The opportunity was too good to pass up. Katy and Rick had bought an old ranger station in Buena Vista, Colorado, and wanted help launching a new venture. So Micah and I moved to Colorado to help. But what was the business to be? Who would it serve? And how could it both positively impact the community and be sustainable?
Launching a successful business takes more than just coming up with a logo, a website, and cool business cards. It takes long discussions. It takes creating a strong brand with a clear direction. It takes aligning the principals on “why” the business should exist. Simple, right?
Every businesses can tell you what they do. (“We sell computers” or “We sell coffee.”) That is the result of all there effort, the end product or service. Most can even explain how they do it, the process they go through to create the result. But few can articulate why they exist. Why do a company’s leaders and the employees get out of bed each morning and head to the office? Simply to make money is a weak foundation to build a business upon. Can you envision a business stating Our mission is to make money. Not all that inspiring, is it? So why is a business doing what it’s doing? What is its purpose for existing?
Those are the first questions we explored with Katy and Rick.
Through a series of workshops, we discovered the driving passion behind Katy and Rick’s discussion to purchase the ranger station. We established the “why” of the new business. Once we had the “why,” the “how” and “what” quickly followed.
Understanding the purpose of a business is a vital first step in building a brand. Communicating that purpose in a compelling way is how a brand takes root and grows.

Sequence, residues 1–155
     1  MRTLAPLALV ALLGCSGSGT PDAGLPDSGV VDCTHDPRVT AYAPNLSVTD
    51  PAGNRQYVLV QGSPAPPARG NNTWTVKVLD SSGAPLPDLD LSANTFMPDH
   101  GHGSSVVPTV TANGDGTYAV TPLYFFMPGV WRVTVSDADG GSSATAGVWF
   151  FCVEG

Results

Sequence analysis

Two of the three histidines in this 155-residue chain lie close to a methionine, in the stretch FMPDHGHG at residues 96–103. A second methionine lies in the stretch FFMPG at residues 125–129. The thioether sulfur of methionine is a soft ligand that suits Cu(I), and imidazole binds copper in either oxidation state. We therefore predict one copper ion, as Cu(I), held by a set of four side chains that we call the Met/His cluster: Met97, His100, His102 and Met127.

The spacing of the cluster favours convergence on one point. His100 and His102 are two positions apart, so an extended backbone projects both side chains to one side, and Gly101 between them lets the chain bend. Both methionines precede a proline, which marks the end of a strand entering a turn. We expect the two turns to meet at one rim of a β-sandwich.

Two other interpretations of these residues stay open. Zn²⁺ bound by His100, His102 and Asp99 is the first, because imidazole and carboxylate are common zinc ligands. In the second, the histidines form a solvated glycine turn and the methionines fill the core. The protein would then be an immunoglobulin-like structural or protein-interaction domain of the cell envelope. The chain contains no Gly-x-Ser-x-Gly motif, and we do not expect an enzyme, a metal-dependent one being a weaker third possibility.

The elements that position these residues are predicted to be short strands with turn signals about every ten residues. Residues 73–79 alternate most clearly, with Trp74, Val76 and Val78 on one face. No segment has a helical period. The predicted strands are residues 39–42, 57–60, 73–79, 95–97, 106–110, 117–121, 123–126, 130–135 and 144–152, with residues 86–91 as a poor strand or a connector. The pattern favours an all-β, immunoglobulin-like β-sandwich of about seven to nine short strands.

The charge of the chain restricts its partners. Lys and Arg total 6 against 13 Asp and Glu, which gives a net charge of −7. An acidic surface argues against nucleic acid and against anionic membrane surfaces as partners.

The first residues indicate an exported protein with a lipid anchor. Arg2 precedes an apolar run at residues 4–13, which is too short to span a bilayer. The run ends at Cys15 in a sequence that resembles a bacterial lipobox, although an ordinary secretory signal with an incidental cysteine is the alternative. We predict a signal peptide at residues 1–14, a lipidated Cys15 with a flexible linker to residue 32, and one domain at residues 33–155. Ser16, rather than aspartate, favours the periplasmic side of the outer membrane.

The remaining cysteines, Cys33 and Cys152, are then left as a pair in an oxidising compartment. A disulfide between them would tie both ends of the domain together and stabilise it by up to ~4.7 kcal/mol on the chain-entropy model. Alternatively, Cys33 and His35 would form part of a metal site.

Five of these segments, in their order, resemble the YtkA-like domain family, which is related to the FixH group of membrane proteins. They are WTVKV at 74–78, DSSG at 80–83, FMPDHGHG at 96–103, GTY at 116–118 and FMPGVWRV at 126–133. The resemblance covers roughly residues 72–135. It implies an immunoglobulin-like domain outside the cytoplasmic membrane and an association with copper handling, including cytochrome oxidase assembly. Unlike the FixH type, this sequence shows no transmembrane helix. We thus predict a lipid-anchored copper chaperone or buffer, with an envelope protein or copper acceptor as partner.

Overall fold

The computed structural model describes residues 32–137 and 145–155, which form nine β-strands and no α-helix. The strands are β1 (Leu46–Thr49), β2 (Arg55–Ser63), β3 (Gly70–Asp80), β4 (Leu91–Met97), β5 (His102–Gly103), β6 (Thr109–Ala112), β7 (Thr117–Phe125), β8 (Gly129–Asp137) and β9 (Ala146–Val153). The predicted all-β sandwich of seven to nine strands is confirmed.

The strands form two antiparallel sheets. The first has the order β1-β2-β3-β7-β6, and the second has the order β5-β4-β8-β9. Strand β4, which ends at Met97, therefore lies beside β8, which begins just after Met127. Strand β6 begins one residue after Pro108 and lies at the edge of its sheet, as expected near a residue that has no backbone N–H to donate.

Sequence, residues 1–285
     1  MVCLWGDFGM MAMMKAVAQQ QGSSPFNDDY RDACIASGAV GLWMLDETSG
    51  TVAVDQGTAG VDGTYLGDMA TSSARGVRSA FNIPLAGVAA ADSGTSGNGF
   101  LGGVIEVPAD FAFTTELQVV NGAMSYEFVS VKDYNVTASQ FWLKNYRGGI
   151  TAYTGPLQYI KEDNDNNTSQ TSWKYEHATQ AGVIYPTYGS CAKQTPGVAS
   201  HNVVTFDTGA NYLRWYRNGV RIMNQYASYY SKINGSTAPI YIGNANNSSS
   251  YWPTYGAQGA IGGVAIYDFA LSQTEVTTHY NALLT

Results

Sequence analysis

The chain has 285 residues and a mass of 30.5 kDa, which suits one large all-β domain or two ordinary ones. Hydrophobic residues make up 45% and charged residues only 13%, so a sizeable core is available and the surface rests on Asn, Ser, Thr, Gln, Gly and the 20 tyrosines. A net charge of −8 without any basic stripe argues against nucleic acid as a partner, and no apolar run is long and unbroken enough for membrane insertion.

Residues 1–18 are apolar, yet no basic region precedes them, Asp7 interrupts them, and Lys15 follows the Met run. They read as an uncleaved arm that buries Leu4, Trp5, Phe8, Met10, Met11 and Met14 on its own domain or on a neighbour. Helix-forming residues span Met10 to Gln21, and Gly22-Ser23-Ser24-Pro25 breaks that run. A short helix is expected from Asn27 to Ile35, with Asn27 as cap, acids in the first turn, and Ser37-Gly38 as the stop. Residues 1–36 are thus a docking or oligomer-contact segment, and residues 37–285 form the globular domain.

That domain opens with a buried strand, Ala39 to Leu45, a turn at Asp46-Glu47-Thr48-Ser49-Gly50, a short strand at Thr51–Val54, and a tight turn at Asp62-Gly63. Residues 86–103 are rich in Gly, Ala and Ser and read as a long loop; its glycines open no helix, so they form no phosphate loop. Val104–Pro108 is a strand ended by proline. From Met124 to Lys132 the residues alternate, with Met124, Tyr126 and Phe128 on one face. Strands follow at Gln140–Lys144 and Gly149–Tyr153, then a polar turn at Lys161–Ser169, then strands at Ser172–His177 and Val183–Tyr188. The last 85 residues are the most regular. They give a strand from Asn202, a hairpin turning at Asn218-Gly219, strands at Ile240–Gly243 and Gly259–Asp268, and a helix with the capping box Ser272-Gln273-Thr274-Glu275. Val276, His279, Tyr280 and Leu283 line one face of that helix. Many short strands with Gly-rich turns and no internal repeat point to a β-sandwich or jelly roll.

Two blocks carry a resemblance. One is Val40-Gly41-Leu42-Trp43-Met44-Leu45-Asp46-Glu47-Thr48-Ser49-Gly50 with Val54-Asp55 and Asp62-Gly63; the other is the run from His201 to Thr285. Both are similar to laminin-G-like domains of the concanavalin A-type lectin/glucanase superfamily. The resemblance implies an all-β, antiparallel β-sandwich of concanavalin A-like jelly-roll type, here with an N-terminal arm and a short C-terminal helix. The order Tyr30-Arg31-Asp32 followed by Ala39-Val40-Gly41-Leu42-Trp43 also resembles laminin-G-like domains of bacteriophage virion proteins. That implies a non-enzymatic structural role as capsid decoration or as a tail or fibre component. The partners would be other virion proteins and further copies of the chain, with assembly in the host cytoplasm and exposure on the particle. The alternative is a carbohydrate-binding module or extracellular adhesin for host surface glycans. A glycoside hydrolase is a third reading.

How is that done? Through storytelling.
From the dawn of time, humans have connected with each other through stories. It’s how we communicate and share. It’s how we inspire action in others.
Discovering Katy and Rick’s new business’s story meant identifying the things that made it unique—and how that uniqueness could help others and help better the world. Sounds lofty, true. But it’s a trait all great brands and businesses share, the desire to solve a problem. The desire to somehow improve life.
More workshops. More discussions. More decisions made.
The story emerged.
We then began the process of editing, revising, and refining the story until we had a clear, compelling narrative written in a tone and style that matched the business’s personality. This narrative directed the mission statement, the business’s guiding principles, and all of its inward and outward facing communications.
Now came the fun part: naming the new business.
We’d done an exercise picking five adjectives to define the business, so we knew how we wanted to be perceived. We came up with over a hundred options, whittled the selection down to a few. Ultimately, Rick landed on the name that embodied all the traits of the new business: Watershed. A place for turning points, new beginnings.
As the website states:
At Watershed, we believe that when community members come together to collaborate and create, great things happen.
I am thankful that I had the opportunity to collaborate and create with Katy and Rick. And I can attest, great things are happening.